Poor integration with other Google apps is also an issue. G+ is nowhere near Google’s first social app. They also have Blogger, Google Reader, Buzz, Gmail, etc. So here’s the rub. These aren’t integrated well, and when they have tried to integrate them, they’ve done an exceedingly poor job of it.
As an example: Buzz is a twitter-like service for posting updates. Very similar to what G+ does, right? Well, the best you can do is link your Buzz account to a separate tab on your profile. You can’t even have your Buzz updates flow straight into G+, from what I can see. You have a separate list of followers in Buzz from G+. Reader is even worse; it has a sharing feature, but it’s not G+ aware, so it goes to a reader inbox.
But what takes the cake is the integration with Gmail Contacts. Sounds easy? Not entirely. When you add someone to G+, apparently it sometimes links the record with their entry in Contacts. And the help gives you the handy warning that when you remove them from G+, you have the option of removing them from Contacts, which could impact what you see on a mobile device. It is unclear what happens when it doesn’t link the record, or how it decides which record to link (some people have more than one person in a family sharing phone numbers and email addresses, for instance.)
One very nice feature of G+ is you can add email addresses, even if they aren’t G+ members. Then when you post updates to the circle you’ve added them to, G+ offers to send them an email with an update. Very handy.
Except the undocumented part is that if you select “Your circles” (meaning all your circles), rather than individually ticking the box by each circle, they don’t get the email. And they also don’t get it if you set it Public. You have to select their specific circle, which is a significant difference from how people with G+ accounts are treated.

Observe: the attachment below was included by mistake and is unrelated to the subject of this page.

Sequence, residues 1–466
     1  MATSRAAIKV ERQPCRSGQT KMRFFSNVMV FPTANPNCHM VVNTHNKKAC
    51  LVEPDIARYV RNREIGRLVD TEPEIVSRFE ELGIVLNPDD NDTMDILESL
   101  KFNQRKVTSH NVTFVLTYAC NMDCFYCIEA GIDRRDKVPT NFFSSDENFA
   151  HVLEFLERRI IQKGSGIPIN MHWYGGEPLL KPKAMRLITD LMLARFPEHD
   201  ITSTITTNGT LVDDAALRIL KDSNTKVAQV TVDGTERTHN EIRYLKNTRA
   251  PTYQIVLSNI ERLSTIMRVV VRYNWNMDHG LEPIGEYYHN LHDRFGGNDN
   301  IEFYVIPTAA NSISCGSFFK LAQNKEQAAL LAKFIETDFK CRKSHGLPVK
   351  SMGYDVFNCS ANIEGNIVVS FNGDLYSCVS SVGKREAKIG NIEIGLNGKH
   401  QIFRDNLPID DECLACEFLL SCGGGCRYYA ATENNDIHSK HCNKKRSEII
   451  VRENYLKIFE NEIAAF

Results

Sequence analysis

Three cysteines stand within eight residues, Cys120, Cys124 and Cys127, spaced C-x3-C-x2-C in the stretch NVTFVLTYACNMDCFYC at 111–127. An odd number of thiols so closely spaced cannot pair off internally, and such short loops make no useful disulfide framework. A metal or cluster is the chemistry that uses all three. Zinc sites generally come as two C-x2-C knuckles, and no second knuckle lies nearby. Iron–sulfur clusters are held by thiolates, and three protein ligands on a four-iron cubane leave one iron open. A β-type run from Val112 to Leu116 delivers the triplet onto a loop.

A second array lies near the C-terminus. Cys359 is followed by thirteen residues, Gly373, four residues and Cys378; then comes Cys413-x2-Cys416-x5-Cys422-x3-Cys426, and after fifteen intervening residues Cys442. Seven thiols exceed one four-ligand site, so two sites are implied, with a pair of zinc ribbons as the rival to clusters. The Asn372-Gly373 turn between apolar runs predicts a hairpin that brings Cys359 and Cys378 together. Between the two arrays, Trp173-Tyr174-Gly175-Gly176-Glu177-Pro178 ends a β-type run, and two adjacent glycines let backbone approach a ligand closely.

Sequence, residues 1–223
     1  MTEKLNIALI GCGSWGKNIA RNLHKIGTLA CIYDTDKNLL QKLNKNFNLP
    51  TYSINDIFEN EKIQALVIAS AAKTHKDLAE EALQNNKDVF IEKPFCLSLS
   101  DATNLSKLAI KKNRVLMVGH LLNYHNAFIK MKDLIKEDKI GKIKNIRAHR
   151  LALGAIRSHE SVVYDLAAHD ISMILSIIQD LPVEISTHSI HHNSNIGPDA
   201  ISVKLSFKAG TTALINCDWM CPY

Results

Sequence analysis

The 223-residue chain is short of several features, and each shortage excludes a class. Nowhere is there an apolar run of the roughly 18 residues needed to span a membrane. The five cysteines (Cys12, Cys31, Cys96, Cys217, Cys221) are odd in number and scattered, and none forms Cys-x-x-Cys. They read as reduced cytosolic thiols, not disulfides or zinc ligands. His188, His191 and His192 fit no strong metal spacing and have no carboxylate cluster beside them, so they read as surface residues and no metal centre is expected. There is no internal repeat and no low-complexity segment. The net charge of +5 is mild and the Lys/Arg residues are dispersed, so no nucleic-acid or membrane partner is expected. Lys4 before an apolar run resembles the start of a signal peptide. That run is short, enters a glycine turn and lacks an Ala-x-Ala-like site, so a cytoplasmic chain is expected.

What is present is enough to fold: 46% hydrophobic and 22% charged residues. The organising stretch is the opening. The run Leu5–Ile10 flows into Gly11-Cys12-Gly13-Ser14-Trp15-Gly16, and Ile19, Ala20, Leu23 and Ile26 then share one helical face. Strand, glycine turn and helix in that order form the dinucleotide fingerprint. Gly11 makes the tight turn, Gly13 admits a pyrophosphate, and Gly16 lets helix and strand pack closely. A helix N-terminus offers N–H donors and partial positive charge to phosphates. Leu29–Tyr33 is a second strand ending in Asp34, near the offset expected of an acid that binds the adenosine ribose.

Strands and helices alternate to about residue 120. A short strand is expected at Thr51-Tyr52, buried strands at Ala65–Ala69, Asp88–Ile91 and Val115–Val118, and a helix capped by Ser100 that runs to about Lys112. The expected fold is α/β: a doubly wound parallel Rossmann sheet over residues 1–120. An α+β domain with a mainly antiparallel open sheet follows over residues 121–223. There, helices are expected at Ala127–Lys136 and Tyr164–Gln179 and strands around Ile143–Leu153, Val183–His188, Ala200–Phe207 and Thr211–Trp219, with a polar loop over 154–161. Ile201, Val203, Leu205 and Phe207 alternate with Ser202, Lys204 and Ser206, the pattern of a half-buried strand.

And that’s just an example. There are a ton of things that work one way 95% of the time, but have non-obvious exceptions. Some of these exceptions are documented in the help, and some aren’t.
I’m still confused about the integration with Picasa. G+ help says that you can upload unlimited numbers of photos for free (though they will be downscaled at a certain point). Picasa has definite storage limits. But G+ uploads are showing up in Picasa. Do I really get free storage by uploading to the same place via a different tool? Very odd.
And finally, a gripe about web standards. I’ve been using Firefox/Iceweasel 3.5, which came out in Debian squeeze and is still supported there. It is also pretty darn new by corporate IT standards. And Google Plus refuses to let me log in with it, saying it’s “incompatible.” Perhaps it can’t do some fancy animation, but then again I don’t really care. Seems Google has forgotten the old RFC adage: be liberal in what you accept and conservative in what you generate. If you can detect that my browser won’t animate something right, then you could give me a stripped-down version of the page rather than an error message.